Protecting the Olympics

This year's Winter Olympics, which starts in Salt Lake City this weekend, will be noticeably different in two ways:

First, these will be the first Olympic Games held since the terrorist attack last September and thus held in airtight security for fans and athletes alike. No more unfenced gathering areas without checkpoints. The throngs of spectators will themselves be watched by thousands of federal agents, police, and soldiers. The skies will be combed for airborne intruders.

Second, though the Salt Lake hosts have done all they can to erase the taint, the Olympics bid-fixing scandal will hang in the air. The local organizing committee's descent into bribery to ensure that their city was chosen by International Olympic Committee members followed a sleazy pattern that had become ingrained in the IOC. Reforms are now in place, a new president heads the IOC, and Salt Lake, ironically, could mark the beginning of a more ethical era.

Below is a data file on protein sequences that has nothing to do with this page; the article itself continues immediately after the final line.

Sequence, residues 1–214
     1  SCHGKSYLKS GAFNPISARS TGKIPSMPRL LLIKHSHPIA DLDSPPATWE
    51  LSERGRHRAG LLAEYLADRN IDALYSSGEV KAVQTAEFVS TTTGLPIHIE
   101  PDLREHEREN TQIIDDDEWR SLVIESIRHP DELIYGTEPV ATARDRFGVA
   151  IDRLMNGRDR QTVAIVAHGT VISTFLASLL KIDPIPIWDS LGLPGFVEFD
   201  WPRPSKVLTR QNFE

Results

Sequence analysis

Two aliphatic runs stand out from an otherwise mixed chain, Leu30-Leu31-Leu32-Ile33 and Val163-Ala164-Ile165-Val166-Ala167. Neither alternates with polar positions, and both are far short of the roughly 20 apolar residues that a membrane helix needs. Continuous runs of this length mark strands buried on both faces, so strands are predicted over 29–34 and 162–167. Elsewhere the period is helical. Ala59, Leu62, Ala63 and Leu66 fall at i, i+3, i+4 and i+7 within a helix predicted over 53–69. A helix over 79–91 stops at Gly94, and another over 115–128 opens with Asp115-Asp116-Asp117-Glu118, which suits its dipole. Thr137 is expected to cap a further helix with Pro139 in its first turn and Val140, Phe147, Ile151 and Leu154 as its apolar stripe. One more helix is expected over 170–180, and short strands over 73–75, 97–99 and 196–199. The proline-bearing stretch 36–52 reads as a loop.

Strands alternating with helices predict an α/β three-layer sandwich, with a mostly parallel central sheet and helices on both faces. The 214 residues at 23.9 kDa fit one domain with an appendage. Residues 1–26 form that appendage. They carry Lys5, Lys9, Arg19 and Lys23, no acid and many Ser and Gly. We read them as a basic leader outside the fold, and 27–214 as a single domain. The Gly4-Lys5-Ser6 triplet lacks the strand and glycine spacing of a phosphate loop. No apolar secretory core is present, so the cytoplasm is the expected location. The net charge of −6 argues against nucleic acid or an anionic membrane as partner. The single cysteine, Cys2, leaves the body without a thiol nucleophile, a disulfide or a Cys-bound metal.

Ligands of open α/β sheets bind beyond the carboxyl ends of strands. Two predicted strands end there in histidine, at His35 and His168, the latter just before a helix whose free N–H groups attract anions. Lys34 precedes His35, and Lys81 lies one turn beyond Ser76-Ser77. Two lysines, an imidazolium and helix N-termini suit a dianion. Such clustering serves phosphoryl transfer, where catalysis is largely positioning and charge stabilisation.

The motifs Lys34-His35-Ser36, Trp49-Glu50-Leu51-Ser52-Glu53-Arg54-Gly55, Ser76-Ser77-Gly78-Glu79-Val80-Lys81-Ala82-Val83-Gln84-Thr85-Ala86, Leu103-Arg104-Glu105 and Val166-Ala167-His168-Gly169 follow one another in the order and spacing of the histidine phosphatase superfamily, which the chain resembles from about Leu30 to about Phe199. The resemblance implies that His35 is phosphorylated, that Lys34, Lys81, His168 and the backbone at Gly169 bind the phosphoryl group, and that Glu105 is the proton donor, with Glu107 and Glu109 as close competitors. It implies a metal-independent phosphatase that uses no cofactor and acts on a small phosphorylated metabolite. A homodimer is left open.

For all the past problems, these Games will help perpetuate the Olympic tradition of universal ideals expressed in international sports competition. Athletes from diverse countries will come together to test their skills. This year, particularly, peace and unity should be themes. Blatant nationalism from flag-waving fans - or TV commentators - will, hopefully, be tempered.

Many of those winning medals will be professional athletes who make a living at their sport. But that shouldn't diminish the motives of others who will glide along interminable Nordic courses or skate at incredible speeds and possibly never win a medal or get a product-endorsement contract. Their accomplishment, just being at the Games, is remarkable enough.

Secure and free of taint, the Games can once again showcase the athletic skill, years of dedication, and international goodwill that promotes peace.

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